The rapid development of China's logistics industry has made daily delivery services quicker and cheaper, and now the world's largest delivery service market is looking to make logistics greener by reducing plastic pollution.
The country saw about 40 billion parcels delivered last year, up 28 percent year on year, ranking top globally for the fourth consecutive year, official data showed.
The 40 billion parcels required about 8 billion plastic envelopes and a huge amount of rolls of tape, which prove to be a growing concern for environmental pollution, according to Sun Kang, secretary general of China Express Association.
The problem of parcel packaging pollution has drawn attention from regulators. It is reported to be one of the topics highlighted at a tone-setting national meeting on environmental protection in May which aims to achieve a fundamental improvement in the quality of the environment and basically build a Beautiful China by 2035.
The State Post Bureau (SPB) and another nine government agencies last November issued guidelines which require that half of external packaging to be biodegradable, 90 percent of bills electronic, and packaging for each parcel reduced by 10 percent by 2020.
The country's top standardization administration issued new guidelines in February that require packages for express delivery goods to be thinner and more recyclable effective from September.
Meanwhile, many logistics market players, both state-owned and private, have taken measures to address the challenge.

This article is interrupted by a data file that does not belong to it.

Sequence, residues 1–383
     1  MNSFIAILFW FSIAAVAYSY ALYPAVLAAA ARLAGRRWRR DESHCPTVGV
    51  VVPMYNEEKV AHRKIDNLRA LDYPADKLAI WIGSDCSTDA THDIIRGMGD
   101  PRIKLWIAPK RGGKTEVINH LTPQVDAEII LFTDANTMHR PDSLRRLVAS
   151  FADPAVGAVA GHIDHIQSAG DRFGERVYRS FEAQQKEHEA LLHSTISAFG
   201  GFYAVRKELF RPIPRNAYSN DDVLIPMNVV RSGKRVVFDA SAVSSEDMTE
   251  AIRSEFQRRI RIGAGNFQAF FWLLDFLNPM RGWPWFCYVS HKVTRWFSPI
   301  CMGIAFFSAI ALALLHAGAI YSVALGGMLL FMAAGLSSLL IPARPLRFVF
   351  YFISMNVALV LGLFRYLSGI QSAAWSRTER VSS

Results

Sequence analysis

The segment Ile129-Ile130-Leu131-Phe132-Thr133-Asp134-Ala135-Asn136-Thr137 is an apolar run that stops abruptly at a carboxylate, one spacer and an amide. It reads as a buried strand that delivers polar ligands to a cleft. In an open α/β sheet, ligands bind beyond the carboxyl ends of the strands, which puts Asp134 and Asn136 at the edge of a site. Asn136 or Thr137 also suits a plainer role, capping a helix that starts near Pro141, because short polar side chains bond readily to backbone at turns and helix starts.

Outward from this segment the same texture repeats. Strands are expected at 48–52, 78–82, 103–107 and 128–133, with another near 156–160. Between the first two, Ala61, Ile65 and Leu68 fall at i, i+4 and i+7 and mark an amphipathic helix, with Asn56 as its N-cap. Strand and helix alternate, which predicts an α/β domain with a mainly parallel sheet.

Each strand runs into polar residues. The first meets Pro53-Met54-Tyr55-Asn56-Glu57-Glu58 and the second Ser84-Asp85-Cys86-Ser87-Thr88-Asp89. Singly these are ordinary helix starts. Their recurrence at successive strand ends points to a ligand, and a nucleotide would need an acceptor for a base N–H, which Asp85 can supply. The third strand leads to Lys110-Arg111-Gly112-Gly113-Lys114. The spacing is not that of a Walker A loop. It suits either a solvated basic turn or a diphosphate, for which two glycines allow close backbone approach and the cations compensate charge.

China Post Group Corporation, the state-owned postal service provider, said last month that it is aiming for over 90 percent of its waybills to be digital and for more than half of its packaging materials to be biodegradable by 2020.
Cainiao Network Technology Co Ltd, the logistics affiliate of Alibaba Group, announced plans in late May that all of its delivery sheets would be made from renewable materials by 2020, and it would promote the use of a paperless, electronic system for logging deliveries.
E-commerce site Suning.com has planned to increase the number of recyclable delivery boxes to 200,000 this year and use at least 2 billion green packages by 2020.
China's green logistics technology equals or even outperforms that of foreign counterparts, but the country is still in the early stages of developing a green logistics mechanism, said Fang Xi, a senior SPB researcher.
"It takes effort not only from logistics firms, but also improving public awareness and a sounder regulation framework," Fang added.